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It felt like the first-time

Yesterday I introduced my brand new startup, PublicBeta, to the world. As I was getting through the final to do's, and putting the checks & balances in place, before flipping the switch, I found myself feeling a tad queezy. I stopped typing and it felt like I had a thousand butterflies scurrying about in my tummy. WTF.

The launch wasn't technical and there wasn't much that could possibly go wrong. But I was nervous like hell.

What surprised me about this sensation was that I have quite a bit of experience in releasing pretty major stuff. This wasn't the first time that I would flick that "go-live" switch, yet every sensation and every emotion I experienced made it feel like my first time.

I'm no virgin

My entrepreneurial journey probably started about 10 years ago when I started dabbling into what I would call "projects" (as calling those businesses would probably be an exaggeration). I have also been a startup entrepreneur for about the last 6 years, having launched the product that would eventually become WooThemes on 2 November 2007.

I'm not sure whether that 6 year period qualifies me for Malcolm Gladwell's 10 000 hour rule and I doubt that I fit the description of being an expert at either entrepreneurship or startups. But what I do know is that yesterday's launch for PublicBeta wasn't my first time.

I'm not a virgin in that sense. Yet, my emotions got the better of me yesterday.

This is literally what the timeline of my emotions (from yesterday) looks like:

  • 4:45pm: We're going live in 15 minutes. Awesome!
  • 4:50pm: Everything seems fine and I've double-checked all the critical bits & bobs. Super-awesome!
  • 4:51pm: We're going live in 9 minutes. Fuck.
  • 4:52pm: What happens if no one signs up?
  • 4:55pm: It's okay if no one signs up. Wait, at least one person should sign up; even if it's my mom. One person is good.
  • 4:56pm: WHAT!? To make this a business and to justify my $100k investment, we need like a thousand people to sign up.
  • 4:59pm: Shit. T-minus 1. No backing out.
  • 5:00pm: Go-live. Finally! Been waiting for this day for weeks. 
  • 5:01pm: No sign ups yet. But we've built it & they will come.
  • 5:05pm: No sign ups still and whoever said "build it & they will come" is a dick. They obviously got it wrong. Completely.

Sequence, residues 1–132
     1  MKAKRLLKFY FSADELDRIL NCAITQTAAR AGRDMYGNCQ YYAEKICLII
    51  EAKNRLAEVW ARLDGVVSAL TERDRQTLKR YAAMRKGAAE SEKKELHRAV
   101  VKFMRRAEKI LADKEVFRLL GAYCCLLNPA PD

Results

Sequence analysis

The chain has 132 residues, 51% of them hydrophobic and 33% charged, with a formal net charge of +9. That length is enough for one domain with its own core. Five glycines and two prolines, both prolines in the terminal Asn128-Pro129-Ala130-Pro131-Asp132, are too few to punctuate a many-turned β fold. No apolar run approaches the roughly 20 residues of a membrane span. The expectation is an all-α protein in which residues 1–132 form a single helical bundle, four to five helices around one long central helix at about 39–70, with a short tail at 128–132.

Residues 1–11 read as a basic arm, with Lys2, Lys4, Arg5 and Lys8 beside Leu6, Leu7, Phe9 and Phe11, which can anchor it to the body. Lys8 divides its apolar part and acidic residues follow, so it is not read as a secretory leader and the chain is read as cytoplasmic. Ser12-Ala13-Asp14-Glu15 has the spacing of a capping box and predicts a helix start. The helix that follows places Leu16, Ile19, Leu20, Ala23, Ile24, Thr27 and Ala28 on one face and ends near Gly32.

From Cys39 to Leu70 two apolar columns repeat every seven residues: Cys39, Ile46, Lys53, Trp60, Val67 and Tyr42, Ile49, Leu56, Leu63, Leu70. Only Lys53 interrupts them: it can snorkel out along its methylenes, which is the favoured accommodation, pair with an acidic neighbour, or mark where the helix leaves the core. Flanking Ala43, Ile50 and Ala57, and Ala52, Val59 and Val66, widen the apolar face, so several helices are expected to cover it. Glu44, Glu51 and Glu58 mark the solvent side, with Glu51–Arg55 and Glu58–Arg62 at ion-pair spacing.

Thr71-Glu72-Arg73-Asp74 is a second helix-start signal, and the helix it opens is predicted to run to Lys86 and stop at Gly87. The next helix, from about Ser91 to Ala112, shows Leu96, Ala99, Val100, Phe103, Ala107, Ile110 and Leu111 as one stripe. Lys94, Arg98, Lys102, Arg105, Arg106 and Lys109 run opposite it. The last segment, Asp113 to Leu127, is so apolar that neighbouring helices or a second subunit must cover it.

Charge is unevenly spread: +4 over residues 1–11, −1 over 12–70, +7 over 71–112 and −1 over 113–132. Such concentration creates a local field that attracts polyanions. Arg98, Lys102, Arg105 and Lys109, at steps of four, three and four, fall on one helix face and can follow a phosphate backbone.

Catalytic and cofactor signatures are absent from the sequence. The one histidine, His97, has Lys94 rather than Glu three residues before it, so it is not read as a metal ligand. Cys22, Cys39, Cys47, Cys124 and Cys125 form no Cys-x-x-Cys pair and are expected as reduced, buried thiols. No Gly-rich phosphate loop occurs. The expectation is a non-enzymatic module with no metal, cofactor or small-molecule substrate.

• 5:10pm: First signup. And it's an annual plan @ $300. Everything is right in the world.
  • 5:11pm: Clicking refresh every 10 seconds now. Second signup and it's annual plan again. $600 in revenue. I'm a millionaire. Yeah!
  • 5:15pm: I pour a glass of wine and I settle in for some prime-time (sales dashboard) viewing. This is the fruits of my labour and my version of sitting on an island with a Pina Colada.

What rollercoaster?

I shared that timeline to illustrate the contradiction in my experiences and emotions yesterday. I know every entrepreneur says that the greater entrepreneurial journey is a rollercoaster. But yesterday I experienced that rollercoaster (with multiples downs and a few ups) in a short span of 30 minutes. I was absolutely petrified throughout and whilst in that moment, I hated it.

I absolutely hated feeling so vulnerable, being scared and knowing that whilst I can feel good about shipping something, failure is still a very real probability.

I've previously written about how all entrepreneurs are scared before starting. The difference is just that they eventually pick up that JFDI mindset and they start.

There is no journey that has no start. And everyone or everything has to start somewhere.

I'm no super-human

It's been about 24 hours since launch and I've had a bit of quiet time today to reflect on the emotions from yesterday.

What I realized is that I'm human, I'm average and I'm a mere-mortal. Yes, I've been a very successful entrepreneur with WooThemes. But I've also tanked my second startup (Radiiate), where I lost more than $100k. To date and statistically, I'm a one-hit wonder.

I also still have a mortgage to pay and I'm only a theoretical millionaire on paper. I'm by no means a self-made man that has any guarantees in life for the future.

I've poured my heart & soul into PublicBeta and I've chosen to pursue passion over money. None of that makes me invincible though and I too am fighting the odds to succeed here.

Too many times we look up to entrepreneurs whom we consider to be our role models. People that have been immensely successful; people that have become the thought leaders of our time. We look at them in awe when they sell their companies for $1bn.

They too started somewhere. I bet you that they too knew about the risks and odds before they started. And they were probably scared as well.

Heck, yesterday should've been easier for me considering I had 6+ years of experience. Yet, yesterday was so much harder than I ever imagined.

We are all battle-wounded soliders. For whatever reason, we have wounds from our past that prevent us from taking action and startingWe've forgotten that the first time and taking the first step is the hardest part.

Worse is that we've invented all these excuses for not just starting. Instead we've become really eloquent in explaining to others why we haven't quit that shitty corporate job, picked up that hobby, written that book we've talked about or started our own companies.

We're all vulnerable and we're all scared. What separates us though is our willingness to embrace the chaos (along with the weird, contradictory emotions that comes with that) and to actually start.

Real artists ship.